We Get to Carry Each Other

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In my top 5 all-time favorite songs is One by U2 and Mary J. Blige. I could listen to it on repeat over and over again. If you haven’t before, I encourage you to check out the whole song because it is filled with beautiful lyrics, but the part that rises to the surface today is this:

“We’re one, but we’re not the same
We get to carry each other
Carry each other”

We’re one, but we’re not the same.
We get to carry each other.
Carry each other.

I sometimes like to break things down into smaller bits because it helps flesh it out and strengthen meaning for me.

We’re oneone body, shared humanity, linked together, part of the same story, sisters and brothers.

Not the same—unique, different, diverse, each-bringing-something-beautiful-to-the-table, a mosaic, textured.

Get tothe honor of, the privilege of, the gift of, the ability to.

Carry each otherhonor one another, lift each other up, hold burdens, weak and strong together at the same time, working together for good, encouraging and supporting one another.

In other words,

We’re one body, a shared humanity linked together, part of the same story, sisters and brothers. But we’re not the same because we’re unique and diverse; we are a mosaic, each-bringing-something-beautiful-to-the-table. We get the honor, privilege and gift of carrying each other, honoring and lifting each other up, holding burdens, and encouraging and supporting each other.

When I read this back, I like hearing it. I like believing it. It makes me say, “Of course…” Of course, we’re in this together. Of course we need each other. Of course we can’t do it alone. Of course, all kinds of things.

But reality can often be completely different, and carrying each other requires a level of vulnerability and relationship that is extremely difficult for a lot of us.

We like to carry others but not to be carried.

We are so used to carrying others that we have no idea what it feels like to be carried.

We like to think we know how to carry others the way we think they should be carried.

We like to give but not receive.

We like to somehow be the stronger one.

We like to wash other people’s feet but not let anyone touch our own.

Years ago I had a ruptured disc in my back that required surgery. For several months leading up to my surgery I couldn’t sitat all, everwithout being in excruciating pain. I can’t tell you the number of Refuge gatherings where I stood the entire time or lay down on the floor (even during meetings. Yep, super classy). It also meant that I couldn’t drive. People had to pick me up and take me home and “carry” me.

It was incredibly hard, but it was also one of the most healing learning experiences of my life; it illuminated how I was always the carrier, the strong one, and how that needed to be turned on its head.

I hated that level of vulnerability.

And I fell in love with it, too.

I truly needed my people.

Carrying each other in our own contexts can mean all kinds of different things, but without a bit of desperation we won’t really get the meaning of carrying each other.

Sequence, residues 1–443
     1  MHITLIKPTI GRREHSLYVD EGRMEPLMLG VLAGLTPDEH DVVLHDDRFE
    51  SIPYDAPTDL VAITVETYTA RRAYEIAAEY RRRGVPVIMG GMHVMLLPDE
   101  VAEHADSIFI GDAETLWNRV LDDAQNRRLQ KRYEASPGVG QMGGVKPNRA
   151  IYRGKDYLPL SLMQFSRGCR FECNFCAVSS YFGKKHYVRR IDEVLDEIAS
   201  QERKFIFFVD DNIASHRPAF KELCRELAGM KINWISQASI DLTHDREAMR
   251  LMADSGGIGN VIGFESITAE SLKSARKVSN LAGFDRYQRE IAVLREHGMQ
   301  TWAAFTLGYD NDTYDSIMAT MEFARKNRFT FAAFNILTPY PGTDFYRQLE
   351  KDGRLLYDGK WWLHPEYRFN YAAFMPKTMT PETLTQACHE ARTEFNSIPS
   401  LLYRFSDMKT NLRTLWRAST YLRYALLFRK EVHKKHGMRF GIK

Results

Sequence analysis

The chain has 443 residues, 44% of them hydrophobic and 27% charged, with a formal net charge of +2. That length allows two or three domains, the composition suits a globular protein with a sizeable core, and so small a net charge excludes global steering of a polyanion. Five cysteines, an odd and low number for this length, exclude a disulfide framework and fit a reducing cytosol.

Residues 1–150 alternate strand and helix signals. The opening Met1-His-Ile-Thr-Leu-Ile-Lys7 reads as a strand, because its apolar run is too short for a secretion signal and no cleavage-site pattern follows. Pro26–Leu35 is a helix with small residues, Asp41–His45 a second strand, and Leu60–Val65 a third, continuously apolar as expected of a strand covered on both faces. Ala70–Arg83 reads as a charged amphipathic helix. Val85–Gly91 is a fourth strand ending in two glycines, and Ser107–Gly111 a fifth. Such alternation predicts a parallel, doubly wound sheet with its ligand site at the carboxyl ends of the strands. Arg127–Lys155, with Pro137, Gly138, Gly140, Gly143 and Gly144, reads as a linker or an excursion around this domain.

Desperate is a hard word for a lot of us. If you’re like me, we were taught not to be desperate at all because it was a sign of weakness or to only be desperate for God because that’s all we needed.

But what if being “one” is about being desperate for each other?

That we’re desperate for care and love from sisters and brothers in the flesh?

That we’re desperate for voices and leaders who aren’t like us to teach and challenge us?

That we’re desperate for people who will spur us on, encourage us, be our cheerleaders and champions?

That we’re desperate for learning from others and challenging conversations that help us grow?

That we’re desperate for opportunities where we can truly be carried?

I know some of us have that desperation and no one in line with open arms. That pain is deep.

Others of us are scared to let someone carry us because we might owe them, fail them, have to let our guard down in a way that is terrifying.

And others of us are just tired of carrying and carrying and the thought of one more anyone or anything is just too much for us.

I always recognize we’re all in different places, and my hope is always that we each consider what these words might be stirring up for us. For me, I know my work is to continue to be vulnerable enough to not only let other people carry me with some of life’s regular burdens but to also let others carry me into new places in my journey as my teachers. There’s so much I need to learn and I won’t if I’m always the one carrying.

SheLovely friends, what resonates for you in terms of carrying and being carried?

We’re one, but we’re not the same.
We get to carry each other.

May we carry.
May we be carried.
May that help us become one.

 

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Kathy Escobar
Kathy Escobar co-pastors The Refuge, a Christian community and mission center in North Denver. A trained spiritual director, speaker, and advocate, she also blogs regularly about life and faith at kathyescobar.com and is the author of Faith Shift and Down We Go—Living out the Wild Ways of Jesus. A mom of 5 young adults and teens, she is married to Jose and lives in Arvada, Colorado.
Kathy Escobar

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